it was an extraordinary gift for hope, a romantic readiness such as I have never found in any other person and which it is not likely I shall ever find again.  No--Gatsby turned out all right at the end; it is what preyed on Gatsby, what foul dust floated in the wake of his dreams that temporarily closed out my interest in the abortive sorrows and shortwinded elations of men.

This foul dust is mentioned throughout the novel and is symbolic of the corruption of everything that it encounters; it represents the moral irresponsibility of the affluent Americans of the Jazz Age, an irresponsibility that is sure to destroy the romantic illusions of Jay Gatsby.  It is the "dirty truth," the reality of a corrupt age and a dream built upon Gatsby's own moral corruption from his ill-gotten wealth and the moral corruption of his "golden girl"  whom he pursues.  The "foul dust" symbolizes how the means corrupt the end.

In Chapter 2, Fitzgerald presents a similar symbol, the Valley of Ashes.  This is a place where the waste of industries is dumped, conveniently located between the city and the "Eggs" where the wealthy live.  Symbolically, it represents the wasteland of people's hopes, and desires.  Along with the symbolic Valley of Ashes where the rich come to dump there the reminders of their excessive indulgence, the foul dust follows Gatsby's romantic attempts to present himself in a favorable light to Daisy and others he wishes to impress.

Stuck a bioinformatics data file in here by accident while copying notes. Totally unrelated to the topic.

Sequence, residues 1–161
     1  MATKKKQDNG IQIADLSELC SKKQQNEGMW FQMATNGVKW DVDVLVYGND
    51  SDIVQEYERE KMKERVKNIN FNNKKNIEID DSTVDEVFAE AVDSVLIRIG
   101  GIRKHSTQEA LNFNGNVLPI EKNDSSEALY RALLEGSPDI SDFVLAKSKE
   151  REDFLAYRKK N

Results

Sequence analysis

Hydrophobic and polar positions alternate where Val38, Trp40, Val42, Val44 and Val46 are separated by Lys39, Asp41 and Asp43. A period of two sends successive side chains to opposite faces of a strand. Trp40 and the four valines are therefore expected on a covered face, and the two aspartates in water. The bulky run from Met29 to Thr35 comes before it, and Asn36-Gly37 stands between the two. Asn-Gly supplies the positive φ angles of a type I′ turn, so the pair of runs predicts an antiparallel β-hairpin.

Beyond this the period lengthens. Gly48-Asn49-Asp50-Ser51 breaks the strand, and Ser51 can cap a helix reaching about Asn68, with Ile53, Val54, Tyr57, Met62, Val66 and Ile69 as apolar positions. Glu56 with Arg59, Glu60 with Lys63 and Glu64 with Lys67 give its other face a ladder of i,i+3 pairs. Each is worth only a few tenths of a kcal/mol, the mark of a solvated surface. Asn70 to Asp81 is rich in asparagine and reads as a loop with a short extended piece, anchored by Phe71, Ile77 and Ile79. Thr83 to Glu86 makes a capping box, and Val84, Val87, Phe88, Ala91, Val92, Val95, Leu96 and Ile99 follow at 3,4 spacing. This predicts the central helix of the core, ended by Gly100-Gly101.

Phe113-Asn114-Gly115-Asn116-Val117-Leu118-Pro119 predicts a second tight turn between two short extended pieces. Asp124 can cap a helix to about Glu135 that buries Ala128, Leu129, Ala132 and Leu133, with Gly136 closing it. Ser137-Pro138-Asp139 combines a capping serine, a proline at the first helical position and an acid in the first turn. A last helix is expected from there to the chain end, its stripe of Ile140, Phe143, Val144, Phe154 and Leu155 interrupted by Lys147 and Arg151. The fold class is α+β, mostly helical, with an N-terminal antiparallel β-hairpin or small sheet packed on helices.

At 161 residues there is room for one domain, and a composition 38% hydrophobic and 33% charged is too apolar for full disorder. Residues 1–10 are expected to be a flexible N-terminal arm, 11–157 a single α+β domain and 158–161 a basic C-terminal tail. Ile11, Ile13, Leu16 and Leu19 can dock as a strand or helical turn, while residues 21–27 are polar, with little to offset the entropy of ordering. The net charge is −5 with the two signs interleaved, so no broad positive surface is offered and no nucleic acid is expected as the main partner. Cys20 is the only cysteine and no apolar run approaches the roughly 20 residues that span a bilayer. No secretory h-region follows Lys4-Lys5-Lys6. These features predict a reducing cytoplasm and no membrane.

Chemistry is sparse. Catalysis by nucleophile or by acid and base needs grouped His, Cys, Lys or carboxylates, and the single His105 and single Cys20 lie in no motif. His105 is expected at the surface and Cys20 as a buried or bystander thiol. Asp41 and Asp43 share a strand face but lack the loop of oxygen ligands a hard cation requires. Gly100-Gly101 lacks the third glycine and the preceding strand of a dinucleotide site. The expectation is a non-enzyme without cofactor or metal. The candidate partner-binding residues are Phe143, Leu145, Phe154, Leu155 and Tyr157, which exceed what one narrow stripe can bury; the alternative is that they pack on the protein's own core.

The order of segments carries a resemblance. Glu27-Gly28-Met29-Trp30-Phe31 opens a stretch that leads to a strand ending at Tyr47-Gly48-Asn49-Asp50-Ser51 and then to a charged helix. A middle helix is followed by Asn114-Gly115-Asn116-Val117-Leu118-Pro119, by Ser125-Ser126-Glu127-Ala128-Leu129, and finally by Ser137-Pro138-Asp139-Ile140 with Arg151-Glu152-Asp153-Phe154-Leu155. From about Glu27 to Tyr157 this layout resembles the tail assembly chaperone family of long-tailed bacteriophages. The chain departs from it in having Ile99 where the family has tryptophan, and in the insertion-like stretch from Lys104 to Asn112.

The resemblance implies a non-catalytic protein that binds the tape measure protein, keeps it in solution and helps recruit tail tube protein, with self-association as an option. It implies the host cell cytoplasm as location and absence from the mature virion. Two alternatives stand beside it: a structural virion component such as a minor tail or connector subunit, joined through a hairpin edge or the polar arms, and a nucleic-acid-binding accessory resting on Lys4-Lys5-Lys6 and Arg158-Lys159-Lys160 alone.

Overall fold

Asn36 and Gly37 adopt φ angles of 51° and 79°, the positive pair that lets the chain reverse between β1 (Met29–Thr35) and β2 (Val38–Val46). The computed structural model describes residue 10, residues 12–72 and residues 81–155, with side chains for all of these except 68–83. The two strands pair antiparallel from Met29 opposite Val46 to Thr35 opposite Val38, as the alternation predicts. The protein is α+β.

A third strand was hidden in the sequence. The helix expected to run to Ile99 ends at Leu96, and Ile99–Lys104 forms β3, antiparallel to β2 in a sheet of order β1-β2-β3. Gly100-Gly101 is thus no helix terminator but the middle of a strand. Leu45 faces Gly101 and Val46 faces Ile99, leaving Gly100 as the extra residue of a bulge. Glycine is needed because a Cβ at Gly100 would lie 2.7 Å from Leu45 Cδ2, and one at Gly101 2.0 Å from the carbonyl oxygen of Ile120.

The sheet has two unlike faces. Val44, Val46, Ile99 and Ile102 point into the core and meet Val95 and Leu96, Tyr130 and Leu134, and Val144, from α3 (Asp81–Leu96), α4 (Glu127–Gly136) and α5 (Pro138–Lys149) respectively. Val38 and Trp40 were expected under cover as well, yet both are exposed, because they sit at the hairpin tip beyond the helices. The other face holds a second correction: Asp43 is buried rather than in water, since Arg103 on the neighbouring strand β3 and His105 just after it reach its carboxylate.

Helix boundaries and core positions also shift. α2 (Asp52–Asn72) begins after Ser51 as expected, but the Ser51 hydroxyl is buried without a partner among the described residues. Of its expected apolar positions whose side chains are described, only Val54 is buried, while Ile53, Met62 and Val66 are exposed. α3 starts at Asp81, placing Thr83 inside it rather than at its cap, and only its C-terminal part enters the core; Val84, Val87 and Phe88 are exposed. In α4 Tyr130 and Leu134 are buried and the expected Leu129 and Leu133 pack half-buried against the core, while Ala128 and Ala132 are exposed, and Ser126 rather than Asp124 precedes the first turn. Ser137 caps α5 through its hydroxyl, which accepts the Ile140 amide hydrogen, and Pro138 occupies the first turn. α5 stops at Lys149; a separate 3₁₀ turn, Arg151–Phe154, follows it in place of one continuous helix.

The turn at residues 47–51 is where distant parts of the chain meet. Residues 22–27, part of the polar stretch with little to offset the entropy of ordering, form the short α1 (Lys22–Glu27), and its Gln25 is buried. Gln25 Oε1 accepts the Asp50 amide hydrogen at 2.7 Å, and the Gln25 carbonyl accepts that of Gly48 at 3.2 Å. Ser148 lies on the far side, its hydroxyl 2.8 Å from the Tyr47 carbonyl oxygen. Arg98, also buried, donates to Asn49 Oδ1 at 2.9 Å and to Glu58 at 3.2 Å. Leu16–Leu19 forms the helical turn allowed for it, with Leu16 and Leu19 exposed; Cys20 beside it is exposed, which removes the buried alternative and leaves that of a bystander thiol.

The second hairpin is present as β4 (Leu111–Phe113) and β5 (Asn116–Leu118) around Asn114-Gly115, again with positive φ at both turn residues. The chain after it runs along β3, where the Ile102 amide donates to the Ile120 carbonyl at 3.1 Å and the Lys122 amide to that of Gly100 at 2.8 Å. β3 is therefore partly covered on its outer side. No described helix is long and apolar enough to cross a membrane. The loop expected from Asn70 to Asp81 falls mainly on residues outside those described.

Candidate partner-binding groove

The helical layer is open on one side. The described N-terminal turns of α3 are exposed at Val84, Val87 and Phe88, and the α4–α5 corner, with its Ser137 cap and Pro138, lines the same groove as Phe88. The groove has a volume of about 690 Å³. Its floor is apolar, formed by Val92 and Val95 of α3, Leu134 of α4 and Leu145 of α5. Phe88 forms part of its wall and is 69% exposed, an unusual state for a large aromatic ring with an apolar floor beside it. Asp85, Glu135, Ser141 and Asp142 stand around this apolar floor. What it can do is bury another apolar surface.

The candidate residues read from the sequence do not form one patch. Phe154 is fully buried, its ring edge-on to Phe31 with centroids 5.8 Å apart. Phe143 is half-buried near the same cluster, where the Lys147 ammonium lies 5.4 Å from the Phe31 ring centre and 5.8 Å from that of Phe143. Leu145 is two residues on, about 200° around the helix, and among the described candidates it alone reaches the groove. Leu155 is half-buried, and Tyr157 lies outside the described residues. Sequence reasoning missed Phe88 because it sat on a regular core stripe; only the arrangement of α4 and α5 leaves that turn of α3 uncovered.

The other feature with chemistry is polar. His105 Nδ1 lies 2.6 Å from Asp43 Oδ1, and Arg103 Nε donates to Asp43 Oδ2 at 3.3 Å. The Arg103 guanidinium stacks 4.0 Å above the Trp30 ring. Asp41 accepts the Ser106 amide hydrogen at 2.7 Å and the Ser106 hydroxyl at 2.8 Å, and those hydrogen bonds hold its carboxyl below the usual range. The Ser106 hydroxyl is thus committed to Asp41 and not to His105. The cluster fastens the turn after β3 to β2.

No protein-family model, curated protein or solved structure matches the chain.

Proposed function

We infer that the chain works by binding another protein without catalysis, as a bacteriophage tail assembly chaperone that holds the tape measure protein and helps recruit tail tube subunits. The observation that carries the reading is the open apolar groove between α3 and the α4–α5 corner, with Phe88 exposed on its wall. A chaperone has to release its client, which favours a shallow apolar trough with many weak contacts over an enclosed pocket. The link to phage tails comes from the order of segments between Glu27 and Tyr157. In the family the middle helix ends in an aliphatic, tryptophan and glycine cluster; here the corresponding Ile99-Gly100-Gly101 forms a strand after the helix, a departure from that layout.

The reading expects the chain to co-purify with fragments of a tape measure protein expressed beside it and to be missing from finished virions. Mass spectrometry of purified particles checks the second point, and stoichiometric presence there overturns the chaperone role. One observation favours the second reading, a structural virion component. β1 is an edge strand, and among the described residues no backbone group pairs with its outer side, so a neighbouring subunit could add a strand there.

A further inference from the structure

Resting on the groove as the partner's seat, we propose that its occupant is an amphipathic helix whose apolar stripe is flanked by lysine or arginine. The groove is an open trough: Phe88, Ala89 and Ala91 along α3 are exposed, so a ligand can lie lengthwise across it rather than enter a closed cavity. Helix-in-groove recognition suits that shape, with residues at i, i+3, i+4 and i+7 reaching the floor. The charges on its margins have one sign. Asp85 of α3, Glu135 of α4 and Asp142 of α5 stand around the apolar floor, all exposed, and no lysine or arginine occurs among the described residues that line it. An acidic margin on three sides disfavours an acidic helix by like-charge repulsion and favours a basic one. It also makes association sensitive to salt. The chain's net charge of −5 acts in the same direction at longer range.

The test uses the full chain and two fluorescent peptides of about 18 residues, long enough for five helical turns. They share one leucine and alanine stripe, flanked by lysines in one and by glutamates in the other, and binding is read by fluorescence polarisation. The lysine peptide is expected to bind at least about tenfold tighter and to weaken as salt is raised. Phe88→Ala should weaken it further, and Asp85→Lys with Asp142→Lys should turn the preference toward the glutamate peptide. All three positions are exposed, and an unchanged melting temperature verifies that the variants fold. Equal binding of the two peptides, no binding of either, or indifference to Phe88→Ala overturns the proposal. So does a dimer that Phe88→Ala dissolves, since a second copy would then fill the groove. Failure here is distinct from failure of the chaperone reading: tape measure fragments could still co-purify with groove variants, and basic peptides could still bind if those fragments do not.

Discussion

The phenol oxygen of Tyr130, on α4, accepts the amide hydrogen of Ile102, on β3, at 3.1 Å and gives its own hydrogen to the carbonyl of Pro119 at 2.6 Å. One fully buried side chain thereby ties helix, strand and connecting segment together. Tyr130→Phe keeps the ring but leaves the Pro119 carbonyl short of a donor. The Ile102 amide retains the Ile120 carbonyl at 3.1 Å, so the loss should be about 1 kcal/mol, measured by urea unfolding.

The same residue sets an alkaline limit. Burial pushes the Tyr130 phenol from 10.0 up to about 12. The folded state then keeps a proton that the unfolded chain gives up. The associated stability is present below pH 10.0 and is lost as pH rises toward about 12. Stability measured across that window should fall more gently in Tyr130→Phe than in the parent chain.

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In The Great Gatsby, what does the "foul dust" that "floated in the wake of [Gatsby's] dreams" mean?

This line refers to the ending of The Great Gatsby and how deeply it affected Nick Carraway. In chapter 9 Nick explains why he moved away after the funeral by saying, "After Gatsby’s death the East was haunted for me like that, distorted beyond my eyes’ power of correction." At the end of the book Nick is no longer able to separate Long Island from his memories of the distasteful people living there. 

No one, except for Nick and Gatsby's father, came to the funeral. All the roaring, exciting parties that Gatsby had thrown, and not a single one of those people who had shown up and indulged in his overflowing hospitality had come to his funeral. Not even Gatsby's business associates and supposedly close friends made an appearance. Only one man showed up to the cemetery, and even he was appalled that no one else had come. 

The fact that no one seemed to care about Gatsby the second he died clearly upsets Nick immensely. Nick even mentions that living in his house, so close to Gatsby's abandoned mansion, disturbs him. 

"I spent my Saturday nights in New York because those gleaming, dazzling parties of his were with me so vividly that I could still hear the music and the laughter, faint and incessant, from his garden, and the cars going up and down his drive."

All these things contribute to the "foul dust," no doubt akin to an eternal bad taste in one's mouth, that Nick speaks of in the beginning of the book.

Perhaps the thing that drives him away from the East the most is the Buchanans. Daisy never once called or wrote, or gave any indication that she even knew Gatsby or cared in the slightest. One day in October some time after the funeral, Nick mentions meeting Tom and he acts extremely cold to him. Tom defends his behavior and denies any culpability for what happened to Gatsby.  After that meeting Nick's opinion of the Buchanans is cemented. 

"They were careless people, Tom and Daisy — they smashed up things and creatures and then retreated back into their money or their vast carelessness, or whatever it was that kept them together, and let other people clean up the mess they had made...."

At the end of the book, Nick is thoroughly disgusted with everyone around him and the magic of East and West Egg had died along with Gatsby. Those lines at the beginning of the book are about Nick's distaste for everything that contributed to or failed to care about Gatsby's death.